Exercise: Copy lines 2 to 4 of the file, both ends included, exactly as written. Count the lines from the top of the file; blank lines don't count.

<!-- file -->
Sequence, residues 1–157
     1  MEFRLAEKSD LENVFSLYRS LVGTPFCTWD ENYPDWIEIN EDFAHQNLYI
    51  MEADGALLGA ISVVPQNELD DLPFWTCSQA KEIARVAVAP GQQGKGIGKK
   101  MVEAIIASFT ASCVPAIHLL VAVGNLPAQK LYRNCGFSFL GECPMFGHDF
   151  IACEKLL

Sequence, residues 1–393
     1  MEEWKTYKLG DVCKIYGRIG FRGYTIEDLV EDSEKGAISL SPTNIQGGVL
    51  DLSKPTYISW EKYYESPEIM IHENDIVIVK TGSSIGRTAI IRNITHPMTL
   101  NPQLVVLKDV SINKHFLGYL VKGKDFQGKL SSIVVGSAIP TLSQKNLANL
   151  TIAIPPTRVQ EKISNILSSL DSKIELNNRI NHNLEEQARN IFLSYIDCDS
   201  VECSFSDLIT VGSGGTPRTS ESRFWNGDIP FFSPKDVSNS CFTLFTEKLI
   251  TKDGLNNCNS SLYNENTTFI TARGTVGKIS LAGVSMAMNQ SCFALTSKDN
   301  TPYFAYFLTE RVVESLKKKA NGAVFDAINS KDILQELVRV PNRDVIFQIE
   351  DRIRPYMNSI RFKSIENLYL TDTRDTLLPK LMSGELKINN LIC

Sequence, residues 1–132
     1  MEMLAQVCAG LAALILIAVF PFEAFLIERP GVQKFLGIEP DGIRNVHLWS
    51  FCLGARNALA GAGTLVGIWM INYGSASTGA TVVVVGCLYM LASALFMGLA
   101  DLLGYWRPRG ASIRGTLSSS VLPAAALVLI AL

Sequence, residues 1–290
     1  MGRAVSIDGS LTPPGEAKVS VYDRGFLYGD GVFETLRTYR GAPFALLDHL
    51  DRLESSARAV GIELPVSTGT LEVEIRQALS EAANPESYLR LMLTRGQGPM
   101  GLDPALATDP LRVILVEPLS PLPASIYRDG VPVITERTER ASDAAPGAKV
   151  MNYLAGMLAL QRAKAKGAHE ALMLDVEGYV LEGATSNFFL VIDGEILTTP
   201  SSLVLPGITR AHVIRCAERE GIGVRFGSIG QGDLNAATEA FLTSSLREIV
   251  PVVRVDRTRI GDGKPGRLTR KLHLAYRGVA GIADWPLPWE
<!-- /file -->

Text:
     1  MEFRLAEKSD LENVFSLYRS LVGTPFCTWD ENYPDWIEIN EDFAHQNLYI
    51  MEADGALLGA ISVVPQNELD DLPFWTCSQA KEIARVAVAP GQQGKGIGKK
   101  MVEAIIASFT ASCVPAIHLL VAVGNLPAQK LYRNCGFSFL GECPMFGHDF